The PEOPLE of the State of New York, Plaintiff, v. Jonathan MARKOWITZ, Defendant.
Defendant was convicted after trial of the crimes of Petit Larceny, Criminal Possession of Stolen Property in the Fifth Degree and Official Misconduct in violation of Penal Law §§ 155.25, 165.40 and 195.00(1). The defendant has filed a motion to set aside the verdict pursuant to Criminal Procedure Law § 330.30(1), alleging that certain documents were improperly admitted as business records at trial.
During the trial it was established that the defendant, a Port Authority of New York and New Jersey toll collector assigned to the Goethals Bridge, made insufficient deposits on 27 days between May 30, 1998 and November 23, 1998. The most significant evidence against the defendant consisted of 27 Collector Tour of Duty Reports admitted as business records, and the testimony of Detective Michael Shuhlala concerning a confession made by the defendant. Two witnesses, Michael Torella, a Port Authority Tolls Audit Supervisor, and Thomas Holt, a Senior Vice President at First Union National Bank, were called to provide a foundation for the reports. The defendant contends that the reports should not have been admitted as business records, and that absent these reports there would be no corroboration of defendant's confession, thereby rendering Detective Shuhlala's testimony insufficient pursuant to C.P.L. § 60.50.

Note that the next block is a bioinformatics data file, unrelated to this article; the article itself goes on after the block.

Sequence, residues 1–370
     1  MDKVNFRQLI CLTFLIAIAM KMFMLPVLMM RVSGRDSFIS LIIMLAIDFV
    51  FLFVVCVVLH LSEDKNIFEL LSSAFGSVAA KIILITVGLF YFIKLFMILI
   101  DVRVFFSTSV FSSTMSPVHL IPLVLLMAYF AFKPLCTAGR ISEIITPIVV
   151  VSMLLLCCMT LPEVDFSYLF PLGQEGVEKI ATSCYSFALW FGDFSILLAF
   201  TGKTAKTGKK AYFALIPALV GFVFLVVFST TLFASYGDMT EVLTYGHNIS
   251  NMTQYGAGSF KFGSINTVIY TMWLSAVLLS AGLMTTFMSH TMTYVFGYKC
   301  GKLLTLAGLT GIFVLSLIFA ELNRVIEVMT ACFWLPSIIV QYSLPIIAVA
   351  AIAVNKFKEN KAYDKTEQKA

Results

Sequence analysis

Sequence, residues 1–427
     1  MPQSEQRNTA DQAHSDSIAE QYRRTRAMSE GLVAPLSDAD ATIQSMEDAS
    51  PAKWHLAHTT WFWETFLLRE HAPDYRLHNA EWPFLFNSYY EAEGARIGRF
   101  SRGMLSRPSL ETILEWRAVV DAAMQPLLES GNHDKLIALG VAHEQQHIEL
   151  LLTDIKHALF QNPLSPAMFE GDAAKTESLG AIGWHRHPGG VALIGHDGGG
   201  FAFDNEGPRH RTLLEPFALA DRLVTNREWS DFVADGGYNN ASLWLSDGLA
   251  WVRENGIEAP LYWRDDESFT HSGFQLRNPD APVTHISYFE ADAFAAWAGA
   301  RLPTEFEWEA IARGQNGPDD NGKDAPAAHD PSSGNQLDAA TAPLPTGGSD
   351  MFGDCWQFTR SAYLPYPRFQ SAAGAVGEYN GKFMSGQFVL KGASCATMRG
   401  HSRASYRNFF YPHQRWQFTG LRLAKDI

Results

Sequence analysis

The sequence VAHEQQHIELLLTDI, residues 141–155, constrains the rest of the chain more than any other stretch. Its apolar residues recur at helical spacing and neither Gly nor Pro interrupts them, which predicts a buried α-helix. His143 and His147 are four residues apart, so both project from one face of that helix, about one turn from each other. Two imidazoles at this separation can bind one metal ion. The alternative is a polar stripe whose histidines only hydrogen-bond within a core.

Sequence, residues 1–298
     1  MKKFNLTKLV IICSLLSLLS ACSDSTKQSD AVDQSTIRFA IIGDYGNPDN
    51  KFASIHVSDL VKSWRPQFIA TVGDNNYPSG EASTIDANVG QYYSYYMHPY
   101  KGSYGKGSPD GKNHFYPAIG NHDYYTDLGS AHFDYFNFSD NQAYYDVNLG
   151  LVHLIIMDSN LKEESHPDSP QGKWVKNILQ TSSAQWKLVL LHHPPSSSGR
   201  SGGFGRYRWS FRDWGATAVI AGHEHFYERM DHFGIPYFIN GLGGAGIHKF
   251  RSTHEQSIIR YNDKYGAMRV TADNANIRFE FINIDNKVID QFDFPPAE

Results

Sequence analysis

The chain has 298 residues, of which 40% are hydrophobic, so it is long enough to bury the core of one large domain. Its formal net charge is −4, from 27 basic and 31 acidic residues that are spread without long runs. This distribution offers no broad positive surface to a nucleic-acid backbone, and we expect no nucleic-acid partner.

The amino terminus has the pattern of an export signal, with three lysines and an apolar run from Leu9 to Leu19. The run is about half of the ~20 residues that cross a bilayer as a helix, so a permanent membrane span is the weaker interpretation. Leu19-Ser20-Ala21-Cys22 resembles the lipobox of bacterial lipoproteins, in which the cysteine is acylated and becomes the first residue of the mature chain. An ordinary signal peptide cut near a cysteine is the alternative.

The testimony indicated that the Collector Tour of Duty Reports are stored on the Port Authority's computer system and consist of data from three sources. One source of data is keyboard entries made by the toll collector, reflecting the number of vehicles paying tolls, the type of vehicle and the method of payment. These entries are made contemporaneously with each transaction. A second source of data is the axle count which is recorded mechanically by a treadle in the roadway. The third source of data is the confirmed deposits, consisting of the total amount and type of payment deposited by a toll collector at the end of each tour. The confirmed deposits data is compiled daily by the First Union National Bank, recorded in their computer system and transmitted electronically on a daily basis to the Port Authority's computer system for inclusion in the Collector Tour of Duty Report. The report is used to compare anticipated receipts as indicated by the toll collector's entries and the treadle count with the actual receipts recorded by the bank. The Collector Tour of Duty Report is, thus, a compilation of information recorded by the toll collector, compiled by the bank's employees and entered mechanically by the axle counting treadle device.